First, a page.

On the ground

As we start to bring the garden to life we’ll be documenting the progress Claire, Alex, Charlotte and Trevor are making over the next few years.

Thanks to Annie Guilfoyle, Martin Ogle and Patrick Clarke for their continued support and expertise.

Scroll through our journey so far.

Our Auricular Theatre has now been installed and we are delighted to be showcasing current highlights from the garden. We really enjoy walking round as a team and selecting our favourite plants. This will also be the meeting point for our garden tours, located in The Boot Room.

– Alex

The newly planted Crataegus is now in flower, it is a pink form of the common native (white) Hawthorn which is usually found in hedgerows. We’re really appreciating its late spring colour, which lines the pathways leading from the hotel to the car park.

– Alex

In an effort to increase biodiversity and habitats for pollinators, we are allowing meadows to form along the lakeside.

These will be delineated from the lawns with a crisp mown edge, to strike a balance between nature and the manicured garden. Although this gives us some relief from of our mowing duties, it does take some management to remove vigorous species that would usually dominate other wildflowers.

Keep an eye out for: Conopodium majus, Cardamine pratensis, Veronica camaedrys, Ajuga reptans, Trifolium repens and lotus corniculatus.

– Alex

The Camassia leichtinii ‘Alba’ has begun to flower, taking over from the blue form of Camassia which has now gone over as we leave spring behind. They have a great upright habit and bridge the gap between Spring and Summer.

– Alex

May has been a great time to admire the Rhododendrons in the garden. Here is one of our most spectacular specimens: Rhododendron ‘Yakushimanum Soft Pink’ Appearing like a fluffy pink cloud against the austere yew topiary.

– Alex

The first phase of our exciting garden redesign project included the planting of many large and mature specimens, such as the monumental Taxus baccata pyramids by the hotel entrance and the row of cherries – Prunus x subhirtella ‘Autumnalis Rosea’ in the drop off area. Mature specimens like these require a lot of watering throughout the growing season until their roots are well established; typically two to three years. One of the best attributes of the hotel is the terrace and the view – no other hotel can boast such a prominent Windermere lakeshore location! To care for our plants whilst minimising disturbance to our guests enjoying the terrace, we decided to install a leaky hose irrigation system. We have carefully (and painstakingly!) laid hundreds and hundreds of metres of leaky pipe, controlled by valve boxes which are, in turn, turned on/off by rain sensors. We’ve then buried these lengths of hose to make the whole system as discreet as possible. The irony is not lost on us in the garden team that for much of our irrigation install, we were working in the rain! It has been a steep learning curve for all of us but testament again to the resilience and hard work of the garden team to complete this project before the warm weather (hopefully) reaches us.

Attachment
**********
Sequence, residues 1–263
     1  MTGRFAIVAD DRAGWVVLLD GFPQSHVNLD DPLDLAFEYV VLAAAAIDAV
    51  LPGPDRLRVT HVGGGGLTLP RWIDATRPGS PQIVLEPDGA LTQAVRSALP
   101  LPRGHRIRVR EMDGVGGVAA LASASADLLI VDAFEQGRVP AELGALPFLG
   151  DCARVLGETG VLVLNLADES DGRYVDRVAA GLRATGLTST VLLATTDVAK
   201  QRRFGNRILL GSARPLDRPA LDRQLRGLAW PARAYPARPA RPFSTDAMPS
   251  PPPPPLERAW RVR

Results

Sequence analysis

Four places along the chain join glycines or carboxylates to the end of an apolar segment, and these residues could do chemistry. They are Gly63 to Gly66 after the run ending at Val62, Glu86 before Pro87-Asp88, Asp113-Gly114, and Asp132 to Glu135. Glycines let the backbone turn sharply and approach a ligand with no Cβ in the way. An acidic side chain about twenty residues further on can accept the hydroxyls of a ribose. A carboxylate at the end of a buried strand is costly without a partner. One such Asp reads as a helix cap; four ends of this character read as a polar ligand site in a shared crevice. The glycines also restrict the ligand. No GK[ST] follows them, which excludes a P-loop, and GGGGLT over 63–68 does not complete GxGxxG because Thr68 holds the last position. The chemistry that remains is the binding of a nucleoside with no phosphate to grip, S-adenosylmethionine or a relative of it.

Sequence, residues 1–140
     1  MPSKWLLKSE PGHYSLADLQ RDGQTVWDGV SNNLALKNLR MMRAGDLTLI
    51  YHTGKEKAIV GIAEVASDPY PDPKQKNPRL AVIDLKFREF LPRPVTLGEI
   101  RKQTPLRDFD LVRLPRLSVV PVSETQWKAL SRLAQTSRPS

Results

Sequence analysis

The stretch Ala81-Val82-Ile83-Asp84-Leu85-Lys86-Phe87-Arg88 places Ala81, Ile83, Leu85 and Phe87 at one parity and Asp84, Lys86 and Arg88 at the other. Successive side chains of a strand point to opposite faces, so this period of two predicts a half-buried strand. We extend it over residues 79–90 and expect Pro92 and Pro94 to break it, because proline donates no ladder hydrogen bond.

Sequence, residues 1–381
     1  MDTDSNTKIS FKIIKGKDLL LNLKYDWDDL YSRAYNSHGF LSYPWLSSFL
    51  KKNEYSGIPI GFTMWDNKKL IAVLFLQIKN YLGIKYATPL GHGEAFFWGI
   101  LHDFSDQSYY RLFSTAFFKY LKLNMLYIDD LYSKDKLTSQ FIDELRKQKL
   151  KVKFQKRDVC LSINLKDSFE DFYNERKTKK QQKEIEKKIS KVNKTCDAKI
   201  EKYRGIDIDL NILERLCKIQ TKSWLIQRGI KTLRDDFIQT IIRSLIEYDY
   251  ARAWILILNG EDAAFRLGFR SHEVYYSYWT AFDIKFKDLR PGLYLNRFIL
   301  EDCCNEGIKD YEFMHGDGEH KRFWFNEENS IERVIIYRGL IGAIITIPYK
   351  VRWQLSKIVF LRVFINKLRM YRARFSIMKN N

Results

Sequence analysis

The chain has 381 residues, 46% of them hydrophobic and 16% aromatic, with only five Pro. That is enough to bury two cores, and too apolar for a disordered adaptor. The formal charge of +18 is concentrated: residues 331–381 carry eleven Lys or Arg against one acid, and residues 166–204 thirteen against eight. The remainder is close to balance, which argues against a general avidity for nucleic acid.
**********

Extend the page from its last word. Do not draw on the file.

– Claire

On the sloping south facing border there are more varieties of Narcissi to enjoy; beautiful pure white ‘Thalia’ in layers, cascading down the slope interspersed with pops of cheery yellow from ‘Double Campernelle’. We’ve had an amazing display from all our Narcissus bulbs; they’re fully winter hardy, cope with our heavy clay soil and even all the rain the lake district has thrown their way hasn’t dampened their spirits.

– Claire

Similar in appearance to a snowdrop, only taller, this is Leucojum aestivum ‘Gravetye Giant’. It has several flowers on each stem and green tips to each of its petals. This bulb should happily self-seed and naturalise through the border given our incredibly moist conditions!

– Claire

Many of our planted tulips suffered from the wet winter we experienced here on site and failed. Those that flourished look superb in the borders; the sunshine catching Tulip ‘Salmon Prince’ highlights the paper like delicacy of the petals and the blend of colour to give the overall salmon appearance. Over successive years in the ground tulip bulbs divide into smaller bulbs which are not large enough to provide a flower, or they may rot or develop tulip fire. In the summer months we will dig them up, dry them out and store them ready for replanting to give them the best chance of display next season.

– Claire

Along the roadside woodland border we planted 4 different varieties of narcissi bulbs; 4000 in total. The different varieties will flower at slightly different times and here we can see Narcissus ‘Actaea’ in a large, impactful drift complemented by the upright deep violet flower spikes of Muscari latifolium. All our bulb varieties were expertly selected by garden designer Annie Guilfoyle and placed and planted by the garden team.

– Claire